Activities of Daily Living
Part of occupational therapy is addressing the child’s activities of daily living. This includes helping the child become more independent in dressing, toileting, showering, personal hygiene, house cleaning, meal prep, and so on. Since you’re going to be at home for a while, there’s plenty of opportunity to work on those tasks.
Depending on your child’s age and functional severity, create reasonable goals in this area that you can slowly work on together. An example may be, “Tommy will be able to wash his own hair in the shower by two weeks”. Change and update goals based on your child’s reactions and motivation to complete certain goals.
You’re a Parent, Not a Therapist: How are You Going to Pull This Off?
Honestly, this is going to be hard. There are going to be some days where you want to scrap all potential ideas and have your child watch movies or play video games all day. YOU CAN GET THROUGH THIS. Permit yourself and your child to take breaks, to watch T.V., or to participate in a mindless activity because you will both need that time. As long as you come back to structured time and make your best efforts, it can be done.
Check out our list of online Freebies for Kids During Coronavirus
Consult with your child’s therapists when you’re at a loss. Join online group forums with parents who are in your same situation. Ask for help from other family members or friends who can safely step in so you can take a much needed break. Be honest with your child and frequently involve them in making decisions about their own schedule. If plans have to change, be ready to provide alternate activity choices with as much warning as humanly possible. We’re all in the same boat where we’ve lost a lot of control. Doing your very best to help your child with autism gain back some predictability and control over their own lives can make a challenging time a little bit better. Hang in there.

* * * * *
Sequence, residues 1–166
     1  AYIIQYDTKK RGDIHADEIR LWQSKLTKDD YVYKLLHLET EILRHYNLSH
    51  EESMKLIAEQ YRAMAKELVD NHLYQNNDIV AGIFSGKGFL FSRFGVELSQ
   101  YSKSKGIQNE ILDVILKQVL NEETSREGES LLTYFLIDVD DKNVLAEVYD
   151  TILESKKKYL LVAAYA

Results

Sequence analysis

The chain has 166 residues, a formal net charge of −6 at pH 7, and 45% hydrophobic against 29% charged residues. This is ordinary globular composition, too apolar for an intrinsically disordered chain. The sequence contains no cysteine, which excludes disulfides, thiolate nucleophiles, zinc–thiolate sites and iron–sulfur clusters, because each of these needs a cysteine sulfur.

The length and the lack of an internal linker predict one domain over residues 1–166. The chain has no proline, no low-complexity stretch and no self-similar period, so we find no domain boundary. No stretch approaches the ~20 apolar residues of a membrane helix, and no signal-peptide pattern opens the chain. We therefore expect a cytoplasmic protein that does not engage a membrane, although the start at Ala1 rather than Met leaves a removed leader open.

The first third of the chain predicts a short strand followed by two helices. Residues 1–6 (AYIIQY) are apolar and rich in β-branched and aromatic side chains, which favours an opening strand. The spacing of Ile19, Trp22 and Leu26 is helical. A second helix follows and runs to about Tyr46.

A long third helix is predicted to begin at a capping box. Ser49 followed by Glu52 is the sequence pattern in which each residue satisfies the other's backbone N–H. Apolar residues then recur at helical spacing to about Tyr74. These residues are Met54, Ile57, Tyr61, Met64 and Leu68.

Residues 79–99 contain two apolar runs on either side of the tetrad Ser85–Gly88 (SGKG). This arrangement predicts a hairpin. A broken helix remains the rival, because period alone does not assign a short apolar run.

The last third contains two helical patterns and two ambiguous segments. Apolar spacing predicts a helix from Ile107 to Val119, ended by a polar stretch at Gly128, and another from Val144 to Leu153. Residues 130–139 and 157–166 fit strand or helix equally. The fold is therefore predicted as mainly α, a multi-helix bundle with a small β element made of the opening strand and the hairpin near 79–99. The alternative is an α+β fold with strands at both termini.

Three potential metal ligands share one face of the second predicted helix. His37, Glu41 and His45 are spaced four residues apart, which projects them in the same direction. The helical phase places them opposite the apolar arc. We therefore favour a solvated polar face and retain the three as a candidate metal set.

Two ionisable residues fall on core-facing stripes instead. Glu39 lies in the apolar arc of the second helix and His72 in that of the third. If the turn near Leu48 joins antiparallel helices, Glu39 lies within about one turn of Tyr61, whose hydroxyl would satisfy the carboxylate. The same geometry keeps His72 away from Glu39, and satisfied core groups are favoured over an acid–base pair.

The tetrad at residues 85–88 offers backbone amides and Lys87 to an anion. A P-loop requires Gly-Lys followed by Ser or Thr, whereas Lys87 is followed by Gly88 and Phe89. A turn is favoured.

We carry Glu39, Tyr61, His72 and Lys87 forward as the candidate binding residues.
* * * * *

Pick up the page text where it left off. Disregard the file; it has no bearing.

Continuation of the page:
Keeping Your Child Protected at Home
We’re here to help keep your child with autism safe, in our blog post School Canceled? Protect Your Autistic Child During Uncertain Times we go over some of the safety concerns that can arise during a time like this. Our mission at AngelSense always has been and always will be to keep your child with autism and special needs safe. If wandering has ever been an issue, there is a possibility that it could get worse or start again due to today’s circumstances. Our AngelSense GPS Safety Device provides the highest level of protection available and is designed specifically for those with special needs.